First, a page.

Neither Rakewell nor anyone like him appears as a character in the film Bedlam. Rather, Lewton and Robson took the nightmarish images Hogarth created with such elaborate care in his depiction of Bedlam and shaped them into the window dressing of a film that, like The Ghost Ship and Isle of the Dead, is a meditation on the abuse of power. Hogarth’s vision was of a morally bankrupt society, from the monarchy and the church all the way down to the commoners on the street. Lewton and Robson took this idea and shaped it to their own ends. The inmates of Bedlam may be strange and threatening, but it is the men who control them who are the real monsters.

This idea is exemplified in the first scene of the picture. A lunatic is attempting to escape St. Mary’s of Bethlehem Asylum by scaling the wall. He is forced to jump to his death when a guard carrying a lantern grinds his boot down on the man’s hand.

The man who fell turns out to be an acquaintance of the grotesque Lord Mortimer (Billy House), who arrives at Bedlam that night for a spot of entertainment gawking at the loonies. “Everyone who goes to Bedlam expires from laughter,” he tells his companion, Nell Bowen (Anna Lee). When he discovers that his acquaintance has fallen to his death, however, Lord Mortimer is upset. He had paid the man for poetry to be delivered at a later date, and he feels he is now owed a night of entertainment. Enter George Sims (Boris Karloff), the apothecary general of Bedlam. Master Sims promises Lord Mortimer a play performed by his lunatics.

Sims is a combination of the worst qualities of the characters Karloff played in his previous two collaborations with Lewton; the pure malevolence of cabman John Gray in The Body Snatcher and the twisted abuser of power General Nikolas Pherides in Isle of the Dead.

Disturbed by what she sees at Bedlam, but not fully able to admit it, Lord Mortimer’s companion Nell returns to Bedlam alone and is taken on a tour by Sims. Leering, he tells her, “Ours is a human world, theirs is a bestial world, without reason, without soul. They’re animals. Some are dogs; these, I beat. Some are pigs; those, I let wallow in their own filth. Some are tigers; these, I cage. Some, like this one, are doves.” (Students of script machinations, however, will want to keep an eye on that “dove,” a woman in white who stands immobile, not speaking or blinking.) Also, it should go without saying that Sims’s ability to have anyone he wants committed to Bedlam, regardless of their sanity, will put Nell in grave danger when she breaks with Lord Mortimer and publicly ridicules him.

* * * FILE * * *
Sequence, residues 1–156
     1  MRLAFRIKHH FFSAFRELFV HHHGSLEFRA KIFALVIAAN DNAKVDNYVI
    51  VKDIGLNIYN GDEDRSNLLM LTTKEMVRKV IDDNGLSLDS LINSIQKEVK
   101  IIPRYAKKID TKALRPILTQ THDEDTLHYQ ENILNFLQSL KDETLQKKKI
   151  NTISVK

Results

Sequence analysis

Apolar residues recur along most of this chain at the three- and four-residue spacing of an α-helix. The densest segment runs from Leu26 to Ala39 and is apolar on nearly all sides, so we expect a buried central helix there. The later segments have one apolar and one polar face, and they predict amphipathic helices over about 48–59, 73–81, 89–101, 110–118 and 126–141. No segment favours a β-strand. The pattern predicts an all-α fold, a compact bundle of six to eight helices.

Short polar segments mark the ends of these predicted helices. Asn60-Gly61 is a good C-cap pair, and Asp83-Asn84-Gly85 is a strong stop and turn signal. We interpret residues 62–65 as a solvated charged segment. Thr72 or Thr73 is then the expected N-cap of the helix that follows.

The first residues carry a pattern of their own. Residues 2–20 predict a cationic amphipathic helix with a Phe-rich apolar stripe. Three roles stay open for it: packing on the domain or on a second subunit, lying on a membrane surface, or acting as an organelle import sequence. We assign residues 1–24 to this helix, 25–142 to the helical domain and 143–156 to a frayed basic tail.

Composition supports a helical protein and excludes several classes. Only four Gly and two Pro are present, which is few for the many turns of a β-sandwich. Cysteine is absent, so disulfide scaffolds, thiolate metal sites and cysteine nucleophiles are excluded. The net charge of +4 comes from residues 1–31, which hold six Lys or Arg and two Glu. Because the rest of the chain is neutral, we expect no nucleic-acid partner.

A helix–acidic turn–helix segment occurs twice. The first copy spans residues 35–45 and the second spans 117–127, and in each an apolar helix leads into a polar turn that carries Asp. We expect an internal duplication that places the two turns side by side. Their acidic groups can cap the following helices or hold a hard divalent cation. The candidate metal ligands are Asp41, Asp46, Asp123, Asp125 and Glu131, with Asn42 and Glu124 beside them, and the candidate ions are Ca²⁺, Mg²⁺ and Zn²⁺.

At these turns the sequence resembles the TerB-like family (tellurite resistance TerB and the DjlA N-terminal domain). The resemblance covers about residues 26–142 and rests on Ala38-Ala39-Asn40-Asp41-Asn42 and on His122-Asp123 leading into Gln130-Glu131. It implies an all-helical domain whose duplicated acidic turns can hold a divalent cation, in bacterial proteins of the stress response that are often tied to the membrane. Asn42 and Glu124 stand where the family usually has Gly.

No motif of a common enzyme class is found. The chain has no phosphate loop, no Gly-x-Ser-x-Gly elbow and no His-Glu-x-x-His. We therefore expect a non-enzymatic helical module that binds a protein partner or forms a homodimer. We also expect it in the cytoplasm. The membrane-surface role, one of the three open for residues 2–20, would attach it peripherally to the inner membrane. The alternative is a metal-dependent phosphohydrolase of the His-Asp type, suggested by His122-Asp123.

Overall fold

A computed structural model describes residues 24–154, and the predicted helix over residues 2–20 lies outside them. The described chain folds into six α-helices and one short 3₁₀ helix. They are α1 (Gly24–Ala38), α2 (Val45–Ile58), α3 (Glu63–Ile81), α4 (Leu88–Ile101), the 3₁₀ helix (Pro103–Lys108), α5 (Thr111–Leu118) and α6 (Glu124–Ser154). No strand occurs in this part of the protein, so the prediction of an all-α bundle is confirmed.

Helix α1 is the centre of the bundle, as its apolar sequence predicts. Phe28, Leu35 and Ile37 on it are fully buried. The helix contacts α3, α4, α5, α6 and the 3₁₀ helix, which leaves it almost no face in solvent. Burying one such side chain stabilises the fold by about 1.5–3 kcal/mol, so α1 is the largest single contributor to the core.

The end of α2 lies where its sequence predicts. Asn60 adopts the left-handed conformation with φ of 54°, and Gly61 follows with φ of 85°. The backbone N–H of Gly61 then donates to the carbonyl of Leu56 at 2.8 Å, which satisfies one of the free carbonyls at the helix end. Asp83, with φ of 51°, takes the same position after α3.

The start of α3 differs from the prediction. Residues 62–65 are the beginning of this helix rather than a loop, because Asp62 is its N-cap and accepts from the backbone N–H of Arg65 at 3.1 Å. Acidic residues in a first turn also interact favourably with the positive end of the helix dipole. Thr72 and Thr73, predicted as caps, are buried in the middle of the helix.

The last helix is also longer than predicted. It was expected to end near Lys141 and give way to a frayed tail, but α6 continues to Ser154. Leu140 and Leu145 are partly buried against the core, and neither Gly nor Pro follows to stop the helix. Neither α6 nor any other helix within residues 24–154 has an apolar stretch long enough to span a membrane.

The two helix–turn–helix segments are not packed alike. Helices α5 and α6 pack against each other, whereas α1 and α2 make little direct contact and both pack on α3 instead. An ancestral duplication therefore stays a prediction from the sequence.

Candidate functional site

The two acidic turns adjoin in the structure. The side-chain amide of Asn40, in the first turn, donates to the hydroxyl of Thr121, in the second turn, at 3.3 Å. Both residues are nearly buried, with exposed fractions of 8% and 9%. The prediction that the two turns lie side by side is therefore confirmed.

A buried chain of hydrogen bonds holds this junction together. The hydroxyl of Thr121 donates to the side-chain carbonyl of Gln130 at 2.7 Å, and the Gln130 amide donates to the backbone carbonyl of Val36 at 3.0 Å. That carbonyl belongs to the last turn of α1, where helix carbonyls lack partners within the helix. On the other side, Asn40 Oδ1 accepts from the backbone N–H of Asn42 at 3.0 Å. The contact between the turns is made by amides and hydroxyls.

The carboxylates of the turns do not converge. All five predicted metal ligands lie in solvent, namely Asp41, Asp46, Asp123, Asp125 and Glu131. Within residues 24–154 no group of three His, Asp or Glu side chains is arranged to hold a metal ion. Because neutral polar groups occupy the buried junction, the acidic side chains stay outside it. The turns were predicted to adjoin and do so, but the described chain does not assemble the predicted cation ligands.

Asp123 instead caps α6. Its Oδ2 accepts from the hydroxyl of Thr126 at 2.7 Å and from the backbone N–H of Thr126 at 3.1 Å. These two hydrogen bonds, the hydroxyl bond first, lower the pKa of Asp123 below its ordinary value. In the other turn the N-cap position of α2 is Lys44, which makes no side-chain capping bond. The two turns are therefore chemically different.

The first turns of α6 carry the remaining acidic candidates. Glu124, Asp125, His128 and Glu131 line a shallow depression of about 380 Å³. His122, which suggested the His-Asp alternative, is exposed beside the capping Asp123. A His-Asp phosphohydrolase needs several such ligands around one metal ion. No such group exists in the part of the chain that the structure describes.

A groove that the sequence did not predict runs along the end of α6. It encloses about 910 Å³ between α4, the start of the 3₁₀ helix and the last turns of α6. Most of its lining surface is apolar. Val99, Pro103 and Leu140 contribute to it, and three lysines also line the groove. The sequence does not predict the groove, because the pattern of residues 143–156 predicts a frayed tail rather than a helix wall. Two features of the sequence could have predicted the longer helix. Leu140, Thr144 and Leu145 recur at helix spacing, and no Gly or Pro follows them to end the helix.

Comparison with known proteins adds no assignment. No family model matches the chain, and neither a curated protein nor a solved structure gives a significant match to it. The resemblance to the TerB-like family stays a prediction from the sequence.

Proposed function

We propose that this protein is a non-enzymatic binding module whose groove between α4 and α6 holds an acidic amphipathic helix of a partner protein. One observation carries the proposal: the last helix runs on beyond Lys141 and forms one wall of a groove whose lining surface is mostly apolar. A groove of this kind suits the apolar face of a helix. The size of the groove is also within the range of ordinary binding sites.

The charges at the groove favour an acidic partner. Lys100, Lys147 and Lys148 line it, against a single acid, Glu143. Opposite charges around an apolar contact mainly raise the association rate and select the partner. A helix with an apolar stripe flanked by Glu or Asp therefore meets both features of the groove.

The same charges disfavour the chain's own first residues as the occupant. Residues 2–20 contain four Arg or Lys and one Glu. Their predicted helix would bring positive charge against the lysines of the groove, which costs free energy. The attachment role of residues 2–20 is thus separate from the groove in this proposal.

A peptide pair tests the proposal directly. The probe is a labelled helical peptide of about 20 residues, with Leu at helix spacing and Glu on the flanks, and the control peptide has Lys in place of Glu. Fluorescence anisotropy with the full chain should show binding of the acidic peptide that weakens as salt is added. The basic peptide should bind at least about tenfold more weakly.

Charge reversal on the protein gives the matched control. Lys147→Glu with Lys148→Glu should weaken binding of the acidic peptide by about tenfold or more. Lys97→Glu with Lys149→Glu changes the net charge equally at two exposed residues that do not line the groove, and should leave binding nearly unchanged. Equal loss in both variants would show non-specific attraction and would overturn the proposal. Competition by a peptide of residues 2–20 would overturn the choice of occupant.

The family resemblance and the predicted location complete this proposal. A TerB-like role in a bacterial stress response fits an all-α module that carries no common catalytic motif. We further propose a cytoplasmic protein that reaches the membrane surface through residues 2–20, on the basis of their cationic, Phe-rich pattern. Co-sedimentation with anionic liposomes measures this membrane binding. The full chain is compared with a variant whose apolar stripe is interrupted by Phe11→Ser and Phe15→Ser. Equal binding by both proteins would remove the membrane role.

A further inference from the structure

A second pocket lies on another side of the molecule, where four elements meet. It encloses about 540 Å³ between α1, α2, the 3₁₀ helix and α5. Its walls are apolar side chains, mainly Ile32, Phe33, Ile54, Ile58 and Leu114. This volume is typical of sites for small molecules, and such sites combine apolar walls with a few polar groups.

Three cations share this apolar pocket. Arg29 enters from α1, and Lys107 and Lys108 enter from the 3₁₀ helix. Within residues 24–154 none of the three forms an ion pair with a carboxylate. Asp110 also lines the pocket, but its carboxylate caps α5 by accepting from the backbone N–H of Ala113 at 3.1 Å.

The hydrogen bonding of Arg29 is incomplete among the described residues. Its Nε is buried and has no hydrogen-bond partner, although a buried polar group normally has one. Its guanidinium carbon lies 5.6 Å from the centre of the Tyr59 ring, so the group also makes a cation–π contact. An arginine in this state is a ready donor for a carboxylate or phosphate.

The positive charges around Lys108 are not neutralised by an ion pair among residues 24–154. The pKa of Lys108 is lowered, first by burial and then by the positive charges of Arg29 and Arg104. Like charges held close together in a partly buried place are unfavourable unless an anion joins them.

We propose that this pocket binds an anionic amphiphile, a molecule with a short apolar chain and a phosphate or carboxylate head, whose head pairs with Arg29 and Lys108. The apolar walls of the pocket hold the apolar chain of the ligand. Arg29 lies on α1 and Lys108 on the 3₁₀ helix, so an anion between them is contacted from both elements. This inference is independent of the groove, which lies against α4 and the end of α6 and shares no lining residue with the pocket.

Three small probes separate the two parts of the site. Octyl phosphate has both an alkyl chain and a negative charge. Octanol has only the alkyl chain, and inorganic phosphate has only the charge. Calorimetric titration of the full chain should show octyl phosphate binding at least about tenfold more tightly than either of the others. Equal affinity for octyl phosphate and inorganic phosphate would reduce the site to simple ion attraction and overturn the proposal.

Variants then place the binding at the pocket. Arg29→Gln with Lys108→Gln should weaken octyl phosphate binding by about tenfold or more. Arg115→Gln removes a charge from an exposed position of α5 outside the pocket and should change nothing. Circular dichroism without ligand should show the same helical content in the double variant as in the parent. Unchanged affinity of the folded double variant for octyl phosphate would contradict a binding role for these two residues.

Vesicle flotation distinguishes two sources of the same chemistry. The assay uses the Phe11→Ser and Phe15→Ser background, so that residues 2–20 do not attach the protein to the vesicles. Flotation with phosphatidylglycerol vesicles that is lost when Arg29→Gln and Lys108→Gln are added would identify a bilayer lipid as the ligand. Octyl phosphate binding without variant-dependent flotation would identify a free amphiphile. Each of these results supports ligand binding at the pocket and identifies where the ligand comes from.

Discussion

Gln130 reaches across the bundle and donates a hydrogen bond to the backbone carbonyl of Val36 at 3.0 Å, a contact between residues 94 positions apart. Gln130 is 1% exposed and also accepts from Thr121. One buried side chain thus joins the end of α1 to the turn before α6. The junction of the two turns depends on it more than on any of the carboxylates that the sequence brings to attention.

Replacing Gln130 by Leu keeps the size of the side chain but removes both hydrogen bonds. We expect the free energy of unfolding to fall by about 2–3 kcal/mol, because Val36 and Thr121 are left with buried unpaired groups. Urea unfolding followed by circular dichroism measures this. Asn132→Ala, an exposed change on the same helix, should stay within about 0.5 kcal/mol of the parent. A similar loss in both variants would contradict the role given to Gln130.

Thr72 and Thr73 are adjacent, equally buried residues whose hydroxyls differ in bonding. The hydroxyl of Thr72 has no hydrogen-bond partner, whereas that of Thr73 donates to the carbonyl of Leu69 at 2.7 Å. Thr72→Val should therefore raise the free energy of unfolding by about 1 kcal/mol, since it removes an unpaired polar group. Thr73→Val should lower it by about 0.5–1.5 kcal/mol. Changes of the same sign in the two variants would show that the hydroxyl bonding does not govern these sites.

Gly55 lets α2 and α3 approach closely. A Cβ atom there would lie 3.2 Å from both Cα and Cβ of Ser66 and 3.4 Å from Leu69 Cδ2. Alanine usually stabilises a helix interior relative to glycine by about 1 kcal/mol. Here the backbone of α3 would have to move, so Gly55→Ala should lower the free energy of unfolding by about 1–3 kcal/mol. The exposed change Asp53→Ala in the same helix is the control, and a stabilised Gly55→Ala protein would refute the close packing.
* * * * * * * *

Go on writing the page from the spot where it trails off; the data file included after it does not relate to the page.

The rhythm of speech and the language of the script is excellent, and evokes 18th century Britain in a way few of the hackneyed period pieces of the ’40s did. Even if it’s not a perfect replication of the time, it does a pretty good job, and all of the little details are a joy to pick out, such as the words “I love sweet Betty Careless” scrawled on the wall in Bedlam, a detail inspired by the man in the Hogarth plate who has scrawled the initials of his beloved, “Charming Betty Careless” — a famous prostitute of the day — on a banister.

Viewers looking for a straight horror picture might be disappointed by Bedlam, although its scenes within the insane asylum walls deliver plenty of chills. Like many of Lewton’s later horror pictures, it’s an ambitious film that uses the trappings of horror to deliver a deeper message about a sick society.

They Made Me a Killer (May 3, 1946)

Incompetent director William C. Thomas’s They Made Me a Killer is based on a screenplay by competent writer Daniel Mainwaring, who was working under the name “Geoffrey Homes.” Mainwaring was a prolific screenwriter whose most famous contribution to film noir is his script for Out of the Past (1947), which was based on his novel Build My Gallows High (both were written under his Homes pseudonym).